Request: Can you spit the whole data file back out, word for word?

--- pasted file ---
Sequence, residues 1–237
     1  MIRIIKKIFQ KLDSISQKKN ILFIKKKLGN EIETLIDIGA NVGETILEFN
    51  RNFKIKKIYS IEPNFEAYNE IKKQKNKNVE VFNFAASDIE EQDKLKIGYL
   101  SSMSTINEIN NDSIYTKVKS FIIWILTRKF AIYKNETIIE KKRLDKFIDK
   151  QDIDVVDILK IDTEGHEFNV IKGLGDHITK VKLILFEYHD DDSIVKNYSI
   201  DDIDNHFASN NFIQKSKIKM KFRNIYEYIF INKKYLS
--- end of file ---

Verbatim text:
Sequence, residues 1–237
     1  MIRIIKKIFQ KLDSISQKKN ILFIKKKLGN EIETLIDIGA NVGETILEFN
    51  RNFKIKKIYS IEPNFEAYNE IKKQKNKNVE VFNFAASDIE EQDKLKIGYL
   101  SSMSTINEIN NDSIYTKVKS FIIWILTRKF AIYKNETIIE KKRLDKFIDK
   151  QDIDVVDILK IDTEGHEFNV IKGLGDHITK VKLILFEYHD DDSIVKNYSI
   201  DDIDNHFASN NFIQKSKIKM KFRNIYEYIF INKKYLS